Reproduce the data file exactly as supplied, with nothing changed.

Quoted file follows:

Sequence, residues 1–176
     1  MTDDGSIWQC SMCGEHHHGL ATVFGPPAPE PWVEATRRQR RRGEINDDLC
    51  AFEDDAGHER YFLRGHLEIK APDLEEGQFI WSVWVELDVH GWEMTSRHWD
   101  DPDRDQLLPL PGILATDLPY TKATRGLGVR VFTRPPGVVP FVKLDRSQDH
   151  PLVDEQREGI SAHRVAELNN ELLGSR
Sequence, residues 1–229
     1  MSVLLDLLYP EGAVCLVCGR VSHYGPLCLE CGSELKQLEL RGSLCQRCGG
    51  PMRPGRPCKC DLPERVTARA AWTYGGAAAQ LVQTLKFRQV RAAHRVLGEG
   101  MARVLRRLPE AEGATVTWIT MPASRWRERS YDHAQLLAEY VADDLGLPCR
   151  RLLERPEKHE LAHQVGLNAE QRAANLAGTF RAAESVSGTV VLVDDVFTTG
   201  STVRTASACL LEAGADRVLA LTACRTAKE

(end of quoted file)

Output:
Sequence, residues 1–176
     1  MTDDGSIWQC SMCGEHHHGL ATVFGPPAPE PWVEATRRQR RRGEINDDLC
    51  AFEDDAGHER YFLRGHLEIK APDLEEGQFI WSVWVELDVH GWEMTSRHWD
   101  DPDRDQLLPL PGILATDLPY TKATRGLGVR VFTRPPGVVP FVKLDRSQDH
   151  PLVDEQREGI SAHRVAELNN ELLGSR
Sequence, residues 1–229
     1  MSVLLDLLYP EGAVCLVCGR VSHYGPLCLE CGSELKQLEL RGSLCQRCGG
    51  PMRPGRPCKC DLPERVTARA AWTYGGAAAQ LVQTLKFRQV RAAHRVLGEG
   101  MARVLRRLPE AEGATVTWIT MPASRWRERS YDHAQLLAEY VADDLGLPCR
   151  RLLERPEKHE LAHQVGLNAE QRAANLAGTF RAAESVSGTV VLVDDVFTTG
   201  STVRTASACL LEAGADRVLA LTACRTAKE